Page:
º Physical. This is the most common form of bullying. The bully acts out physically against their target, shoving, hitting or punching them. The bully may also destroy the target’s belongings.

º Verbal. The bully calls their target names, puts them down and may also make threats.

º Cyberbullying. In this form of bullying, bullies attack their targets through electronic media, such as social media, email and texts. They may also attempt to destroy their target’s reputation by posting photos that depict the target doing something they find humiliating. Cyberbullying also involves using electronic forms of communication to fool the target into giving up their personal information. This information is then spread to others. With the proliferation of website creation sites online, bullies can easily create a website that is intended to embarrass or harm their target.

Facts on Bullying, Harassment and Cyberbullying 

Bullying and cyberbullying are prevalent and becoming even more of an issue to victims, parents and teachers. According to the Canadian Red Cross, teachers in Canada have said that cyberbullying is the biggest issue they deal with in their classrooms.  An overwhelming 89 percent view both bullying and violence as “serious” in their schools.

The bullying doesn’t develop in a vacuum. Those who bully are more likely to have low self-esteem and poor academic achievement in school. This may contribute to their decisions to single out and bully their victims. In turn, those who are bullied see their grades and academic performance drop. They lose interest in school and academic activities. To avoid the bullying and bully, the victim may also begin skipping their classes. One of the bullying statistics in Canada shows that more than 50 percent of bullying victims fail to report their experiences to their teachers – which leads to other bullying statistics: 71 percent of teachers say they have taken an active role in stepping in between a bully and victim – but only 25 percent of the students in their classrooms report that their teachers have tried to stop bullying behaviors.

How Quickly Bullying Can be Stopped 

Deep down, bullies don’t like themselves. They pick on others they perceive to be weaker in an attempt to make themselves feel better. When someone they see as stronger or more authoritative, such as a teacher, steps in and tells a bully to stop, they stop almost immediately. Key in Canadian bullying statistics: The behavior stops within 10 seconds, according to The Family Resource Facilitation Program. This happens almost 60 percent of the time. Even though 85 percent of bullying incidents are carried out in front of other students and even teachers, only half of these incidents are reported to teachers or school principals.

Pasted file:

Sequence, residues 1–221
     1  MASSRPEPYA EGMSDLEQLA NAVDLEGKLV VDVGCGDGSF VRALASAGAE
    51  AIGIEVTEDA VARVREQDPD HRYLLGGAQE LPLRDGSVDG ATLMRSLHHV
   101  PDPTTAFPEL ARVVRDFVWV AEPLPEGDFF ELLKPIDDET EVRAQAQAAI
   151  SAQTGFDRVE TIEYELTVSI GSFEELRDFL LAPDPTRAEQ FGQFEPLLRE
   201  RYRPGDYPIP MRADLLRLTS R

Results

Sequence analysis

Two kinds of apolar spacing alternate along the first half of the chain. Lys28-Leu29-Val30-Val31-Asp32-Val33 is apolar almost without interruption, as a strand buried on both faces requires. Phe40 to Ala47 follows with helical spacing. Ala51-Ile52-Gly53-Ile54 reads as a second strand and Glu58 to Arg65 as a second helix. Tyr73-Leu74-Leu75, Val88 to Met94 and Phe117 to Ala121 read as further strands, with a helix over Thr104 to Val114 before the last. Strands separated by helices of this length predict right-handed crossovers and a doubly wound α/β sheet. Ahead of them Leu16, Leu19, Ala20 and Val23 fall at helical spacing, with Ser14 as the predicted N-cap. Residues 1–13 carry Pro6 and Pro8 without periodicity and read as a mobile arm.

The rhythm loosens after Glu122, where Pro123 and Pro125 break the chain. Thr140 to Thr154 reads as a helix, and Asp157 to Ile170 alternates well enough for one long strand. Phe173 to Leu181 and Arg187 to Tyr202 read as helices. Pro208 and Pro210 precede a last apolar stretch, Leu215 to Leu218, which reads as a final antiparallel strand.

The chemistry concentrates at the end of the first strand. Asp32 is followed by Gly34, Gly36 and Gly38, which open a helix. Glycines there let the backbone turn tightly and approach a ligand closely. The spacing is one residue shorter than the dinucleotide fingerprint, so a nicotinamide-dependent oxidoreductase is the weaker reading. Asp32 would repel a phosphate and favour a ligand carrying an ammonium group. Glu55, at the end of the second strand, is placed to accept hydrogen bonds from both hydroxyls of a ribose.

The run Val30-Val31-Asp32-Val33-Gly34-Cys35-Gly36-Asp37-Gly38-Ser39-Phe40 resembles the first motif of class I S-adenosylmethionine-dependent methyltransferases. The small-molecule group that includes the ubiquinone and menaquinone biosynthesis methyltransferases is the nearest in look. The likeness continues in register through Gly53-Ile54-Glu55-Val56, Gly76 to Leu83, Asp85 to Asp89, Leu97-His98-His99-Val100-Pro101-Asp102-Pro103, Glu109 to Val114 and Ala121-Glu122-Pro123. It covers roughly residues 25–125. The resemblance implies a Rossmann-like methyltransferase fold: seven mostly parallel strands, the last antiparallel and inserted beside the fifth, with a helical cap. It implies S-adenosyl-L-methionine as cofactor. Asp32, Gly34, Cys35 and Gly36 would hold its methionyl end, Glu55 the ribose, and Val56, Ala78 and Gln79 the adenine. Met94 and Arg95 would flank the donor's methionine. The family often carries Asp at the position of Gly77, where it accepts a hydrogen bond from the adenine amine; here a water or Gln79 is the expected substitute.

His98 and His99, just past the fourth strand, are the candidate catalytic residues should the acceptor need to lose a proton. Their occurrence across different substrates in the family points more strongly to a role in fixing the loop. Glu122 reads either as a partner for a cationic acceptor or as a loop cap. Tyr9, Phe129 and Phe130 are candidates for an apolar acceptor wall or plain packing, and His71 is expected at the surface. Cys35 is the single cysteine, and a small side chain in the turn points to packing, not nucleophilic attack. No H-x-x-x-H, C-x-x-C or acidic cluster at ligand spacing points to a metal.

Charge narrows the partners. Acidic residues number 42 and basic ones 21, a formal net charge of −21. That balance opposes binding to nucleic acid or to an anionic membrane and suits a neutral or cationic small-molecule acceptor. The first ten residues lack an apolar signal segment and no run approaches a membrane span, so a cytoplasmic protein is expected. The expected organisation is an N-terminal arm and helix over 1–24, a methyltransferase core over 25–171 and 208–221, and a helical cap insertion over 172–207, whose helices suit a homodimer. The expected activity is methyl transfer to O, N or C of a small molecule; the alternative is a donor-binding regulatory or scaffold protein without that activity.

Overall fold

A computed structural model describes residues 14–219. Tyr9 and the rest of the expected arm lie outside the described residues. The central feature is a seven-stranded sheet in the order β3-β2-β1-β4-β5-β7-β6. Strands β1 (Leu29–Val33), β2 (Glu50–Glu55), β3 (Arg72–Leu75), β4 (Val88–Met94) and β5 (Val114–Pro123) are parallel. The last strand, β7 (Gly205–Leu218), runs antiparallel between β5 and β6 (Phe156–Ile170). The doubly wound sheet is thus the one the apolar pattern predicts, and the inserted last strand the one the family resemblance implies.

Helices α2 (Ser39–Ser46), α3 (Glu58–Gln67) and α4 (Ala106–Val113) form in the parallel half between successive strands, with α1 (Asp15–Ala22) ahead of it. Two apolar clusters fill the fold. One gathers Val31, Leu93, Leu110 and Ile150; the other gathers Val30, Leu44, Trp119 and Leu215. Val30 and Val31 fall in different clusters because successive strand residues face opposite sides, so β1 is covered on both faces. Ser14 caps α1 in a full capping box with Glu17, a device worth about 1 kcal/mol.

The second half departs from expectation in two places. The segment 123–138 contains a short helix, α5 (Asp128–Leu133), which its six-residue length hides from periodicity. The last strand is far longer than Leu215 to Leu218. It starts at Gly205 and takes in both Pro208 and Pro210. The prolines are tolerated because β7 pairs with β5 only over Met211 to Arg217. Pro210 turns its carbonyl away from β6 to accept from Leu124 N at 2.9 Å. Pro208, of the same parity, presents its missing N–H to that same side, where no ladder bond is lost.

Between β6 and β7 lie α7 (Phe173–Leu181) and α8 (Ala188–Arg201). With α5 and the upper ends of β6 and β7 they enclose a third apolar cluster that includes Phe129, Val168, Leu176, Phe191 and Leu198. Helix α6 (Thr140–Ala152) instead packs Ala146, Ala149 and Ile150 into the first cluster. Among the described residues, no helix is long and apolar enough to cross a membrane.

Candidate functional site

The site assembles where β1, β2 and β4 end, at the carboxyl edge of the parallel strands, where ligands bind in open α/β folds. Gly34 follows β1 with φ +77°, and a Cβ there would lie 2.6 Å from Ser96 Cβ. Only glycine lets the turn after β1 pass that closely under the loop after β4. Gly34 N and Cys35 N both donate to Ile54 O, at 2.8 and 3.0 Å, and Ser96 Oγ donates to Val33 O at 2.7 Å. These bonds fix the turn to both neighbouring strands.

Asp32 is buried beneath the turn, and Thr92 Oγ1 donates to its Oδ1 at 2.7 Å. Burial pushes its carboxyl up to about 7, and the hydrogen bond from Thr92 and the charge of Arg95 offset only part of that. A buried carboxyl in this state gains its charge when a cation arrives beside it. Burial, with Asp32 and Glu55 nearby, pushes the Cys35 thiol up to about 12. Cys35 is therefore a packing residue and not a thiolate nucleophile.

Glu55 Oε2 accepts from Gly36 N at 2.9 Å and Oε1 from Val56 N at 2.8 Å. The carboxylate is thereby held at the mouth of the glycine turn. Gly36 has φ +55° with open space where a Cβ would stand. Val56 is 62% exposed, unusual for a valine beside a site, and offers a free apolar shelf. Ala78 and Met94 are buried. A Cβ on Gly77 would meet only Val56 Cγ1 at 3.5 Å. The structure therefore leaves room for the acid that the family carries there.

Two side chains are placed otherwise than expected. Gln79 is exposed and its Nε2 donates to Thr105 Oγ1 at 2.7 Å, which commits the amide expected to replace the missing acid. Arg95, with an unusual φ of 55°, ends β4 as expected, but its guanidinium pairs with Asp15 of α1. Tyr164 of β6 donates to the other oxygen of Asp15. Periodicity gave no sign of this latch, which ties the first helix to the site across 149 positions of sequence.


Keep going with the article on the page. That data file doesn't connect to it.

Risks for Bullies and Bullied 

Bullying has real consequences for its victims. They begin to feel as though they have no power or “voice” to speak up and protect themselves. Even if they aren’t friends with their bully, the student may feel as if they cannot get away from the relationship or bully.

A bullying victim may begin to develop emotional and physical symptoms, according to Prevnet. These include stomach problems, social anxiety, headaches and lowered self-esteem. One of the more problematic statistics on bullying points out that, mentally, bullying victims may become depressed. Bullying victims are more prone to consider killing themselves, especially when they feel they don’t have anywhere to turn to stop the bullying.

Academically, the consequences of bullying are just as high: The victim may begin to skip school and suffer from falling grades.

Another Canadian bullying statistic shows that teenagers and children who bully others fail to develop an understanding between right and wrong. Regarding matters of bullying Canada is no different from other developed countries: Bullies are at increased risk of abusing alcohol and illicit drugs. They also have problems with relationships with their peers. Interestingly, bullies may also wind up being bullied themselves.

What Steps Canadian Parents Can Take to Help Their Children 

Parents can take steps to prevent their children from becoming a statistic. Prevnet points out that children whose parents help their children also help to lower an unfortunate bullying statistic Canada doesn’t want. These parents do the following:

º They listen to their children, especially when the child reports being bullied. The parents also speak up for their child to authorities.

º Parents also teach their child to speak up in their own defense, telling the bully to stop. The parents also help their child rehearse certain responses intended to make the bully stop.

º Parents who are aware of bullying and the dynamics in their child’s relationships take steps to make sure that everyone is on equal footing. The parents don’t allow anyone to be excluded. In addition, they create relationships with other parents.

º Attentive parents help their children figure out what their skills and strengths are. When a child is confident in their abilities, they are less likely to become a bullying victim.

º When a parent sees (catches) their child behaving appropriately, they point this out to the child. When the child knows their parents approve of what they are doing, they are more likely to repeat that behavior.

º These parents aren’t afraid to establish boundaries or guidelines. If their child treats another child inappropriately, they are not afraid to carry out consequences for the behavior. Every consequence chosen should teach the child that bullying is wrong. Once the discipline is over, the parents should discuss their child’s behavior with them, explaining positive interactions and encouraging their child to behave more positively with their friends.